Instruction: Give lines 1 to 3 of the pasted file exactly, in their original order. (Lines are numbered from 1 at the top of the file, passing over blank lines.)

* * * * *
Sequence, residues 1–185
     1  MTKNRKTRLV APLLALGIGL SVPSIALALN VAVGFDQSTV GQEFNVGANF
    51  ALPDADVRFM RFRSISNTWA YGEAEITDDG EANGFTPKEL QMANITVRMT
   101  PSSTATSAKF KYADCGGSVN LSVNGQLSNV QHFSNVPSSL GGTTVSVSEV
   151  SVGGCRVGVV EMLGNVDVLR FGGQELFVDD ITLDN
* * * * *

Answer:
Sequence, residues 1–185
     1  MTKNRKTRLV APLLALGIGL SVPSIALALN VAVGFDQSTV GQEFNVGANF
    51  ALPDADVRFM RFRSISNTWA YGEAEITDDG EANGFTPKEL QMANITVRMT